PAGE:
Paddling the Neuse, Part 2: Going the Distance

Before someone gets the wrong idea from this post I should say this: I’m glad I paddled the Neuse River last year.

Mike Johnson
Mike Johnson

I had a terrific partner, Mike Johnson of Franklin, N.C.; we met two wonderful river angels, Bill Hines of Oriental and Ronda Hughes of Seven Springs, N.C.  I learned some things. It was interesting.  I might do it again someday.

OK, that said:

I was surprised at how much my 225-mile trip down the Neuse was like hiking the Appalachian Trial from Georgia to Maine.

In one major way, however, it was unlike the hike — I was not certain I could make it to the end. On the thru-hike I had no doubt, ever, that I would finish, assuming I wasn’t killed, injured, or got sick. Or had to go home to take care of an emergency.

Arriving at Oriental, N.C., the end of the trip.
Arriving at Oriental, N.C., the end of the trip.

I had my doubts about finishing the river trip when I woke up on the morning of what was the eighth and final day because I knew we’d have to battle wind and rough water. 

But, first, the similarities:
•        I was tired at night, exhausted is more like it.
I thought Mike, a retired Navy commander, and I were going to more or less float down the Neuse. But to make the miles we wanted to make, to get to the spots where we wanted to camp, I had to paddle almost constantly. We averaged almost 30 miles a day, with a top day of 36.5 miles.  My sit-on-top kayak, a Hurricane Skimmer, was part of the problem. I bought it to dink around in Stump Sound, near Topsail Island on the coast, and for that it’s perfect.  But paddling it down the Neuse, trying to make miles, was like paddling a bathtub — I had work it it.

•        I blistered.
On the Appalachian Trail the sides of my heels blistered when I failed to replace my worn out boots quickly enough. On the river, my feet were fine, of course. But the rest of me blistered even though I applied lots of sun screen and wore a wide brim hat. It was 90-plus degrees most days with little or no cloud clover and no shade. I fried, even my lower lip.

•        I had little appetite.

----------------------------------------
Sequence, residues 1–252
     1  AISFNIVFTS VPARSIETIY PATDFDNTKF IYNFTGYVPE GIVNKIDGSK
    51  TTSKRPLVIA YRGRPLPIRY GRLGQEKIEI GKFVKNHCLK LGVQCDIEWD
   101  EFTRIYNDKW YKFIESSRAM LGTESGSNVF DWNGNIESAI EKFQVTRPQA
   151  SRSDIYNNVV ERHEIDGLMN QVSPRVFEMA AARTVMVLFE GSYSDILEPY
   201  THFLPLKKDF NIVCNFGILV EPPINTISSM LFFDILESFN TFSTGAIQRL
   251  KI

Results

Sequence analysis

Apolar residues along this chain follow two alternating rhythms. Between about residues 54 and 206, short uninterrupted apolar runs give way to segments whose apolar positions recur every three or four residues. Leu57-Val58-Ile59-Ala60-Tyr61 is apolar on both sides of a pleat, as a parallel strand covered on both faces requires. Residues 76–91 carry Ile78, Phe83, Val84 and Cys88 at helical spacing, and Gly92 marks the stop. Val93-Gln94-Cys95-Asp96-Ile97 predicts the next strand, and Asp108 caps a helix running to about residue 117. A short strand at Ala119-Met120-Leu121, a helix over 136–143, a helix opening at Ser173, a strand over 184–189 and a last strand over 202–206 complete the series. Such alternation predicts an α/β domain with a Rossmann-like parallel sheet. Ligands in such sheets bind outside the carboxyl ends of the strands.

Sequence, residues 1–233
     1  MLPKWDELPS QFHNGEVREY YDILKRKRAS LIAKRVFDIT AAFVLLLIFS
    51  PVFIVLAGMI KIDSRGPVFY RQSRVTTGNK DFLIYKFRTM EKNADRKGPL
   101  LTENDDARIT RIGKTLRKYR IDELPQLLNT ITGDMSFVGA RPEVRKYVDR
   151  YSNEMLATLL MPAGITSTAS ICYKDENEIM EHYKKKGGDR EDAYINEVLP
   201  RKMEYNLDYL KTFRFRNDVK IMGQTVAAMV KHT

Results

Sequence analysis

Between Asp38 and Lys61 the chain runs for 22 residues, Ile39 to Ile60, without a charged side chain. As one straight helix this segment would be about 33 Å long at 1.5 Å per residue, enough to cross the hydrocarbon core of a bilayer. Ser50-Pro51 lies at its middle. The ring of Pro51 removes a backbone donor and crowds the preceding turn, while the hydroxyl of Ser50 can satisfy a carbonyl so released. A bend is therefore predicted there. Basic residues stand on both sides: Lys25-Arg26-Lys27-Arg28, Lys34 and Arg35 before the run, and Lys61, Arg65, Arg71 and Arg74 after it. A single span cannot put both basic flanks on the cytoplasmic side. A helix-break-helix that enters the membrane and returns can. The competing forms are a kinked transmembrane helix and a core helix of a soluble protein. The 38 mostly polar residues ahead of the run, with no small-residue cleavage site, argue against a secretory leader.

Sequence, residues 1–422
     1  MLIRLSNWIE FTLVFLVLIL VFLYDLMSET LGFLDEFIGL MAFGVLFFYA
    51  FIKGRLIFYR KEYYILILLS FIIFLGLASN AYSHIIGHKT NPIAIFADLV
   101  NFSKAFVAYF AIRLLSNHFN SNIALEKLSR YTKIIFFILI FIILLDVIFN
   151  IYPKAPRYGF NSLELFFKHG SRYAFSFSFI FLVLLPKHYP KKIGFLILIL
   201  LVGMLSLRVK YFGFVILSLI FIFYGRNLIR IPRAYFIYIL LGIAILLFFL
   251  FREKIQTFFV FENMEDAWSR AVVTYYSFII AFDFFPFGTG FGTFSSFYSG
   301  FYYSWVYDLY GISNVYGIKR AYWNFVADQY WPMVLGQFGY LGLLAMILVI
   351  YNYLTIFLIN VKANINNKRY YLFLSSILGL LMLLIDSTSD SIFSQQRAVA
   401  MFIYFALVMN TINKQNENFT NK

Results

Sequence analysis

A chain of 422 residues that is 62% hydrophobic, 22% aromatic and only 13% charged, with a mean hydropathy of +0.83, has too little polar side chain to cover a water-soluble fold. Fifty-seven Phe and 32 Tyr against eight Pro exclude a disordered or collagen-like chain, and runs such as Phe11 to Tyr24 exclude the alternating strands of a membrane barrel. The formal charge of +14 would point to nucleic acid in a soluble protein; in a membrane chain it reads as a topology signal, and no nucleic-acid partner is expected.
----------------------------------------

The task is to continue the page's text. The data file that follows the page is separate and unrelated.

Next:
If I couldn’t get to a restaurant I didn’t eat much of anything. I was the same way during the first few weeks on the trail.

•        The best part of the day was the end of the day.
When I hiked all day, up, down, up, down, I really looked forward to getting where I was going. I felt the same way after I had paddled all day.

  • And, yes, just like the trail, I lost stuff.

I lost so much stuff on my thru-hike I stopped blogging about it. It was embarrassing. On the river trip I lost a knife scabbard, no big deal. But when we got to Oriental and began going through our gear, loading my kayak on Brother Dave’s truck, I couldn’t find my cell phone.  Bill Hines called Blackbeard Sailing Club, where we camped the night before, and asked if anyone had found and turned in a cell phone.
No luck.
There was the slimmest of possibilities that I had left my phone at the spot where I had pitched my tent. [I live in hope.] So Dave stopped by Blackbeard on the way back home, to Knightdale, N.C., and there it was, laying in the grass.

  • Like the trail, the river has angels too, and I met two — Hines and Ronda Hughes. Ronda fed us and let us shower at her home and camp in her back yard; Bill loan us sea kayaks and got us through the waves to Oriental.
  • Brother Dave drove to Maine to pick me up when I finished my thru-hike and when Mike and I got to Oriental, there he was.

Like the A.T., the second half of the Neuse is  a lot more difficult.

Near its headwaters at Falls of the Neuse the river isn’t much bigger than a good size creek. For the first 100 miles or so, as the Neuse gradually widens and deepens, you run into a lot of obstructions, strainers, they’re called. They let the water go by, but they don’t let you go by. Countless trees have fallen into the river.   Some limbs are sticking out, some are just beneath the surface. They are not a big problem but you have to stay awake.
A few miles before you get to New Bern the Neuse begins to widen dramatically. It’s a mile wide at New Bern. It looks like the ocean, with waves and white caps if the wind is up. From New Bern on it gets wider and wider, about two and a half or three miles wide by the time we reached our destination, Oriental.

Choppy waters near Oriental
Choppy waters near Oriental, N.C.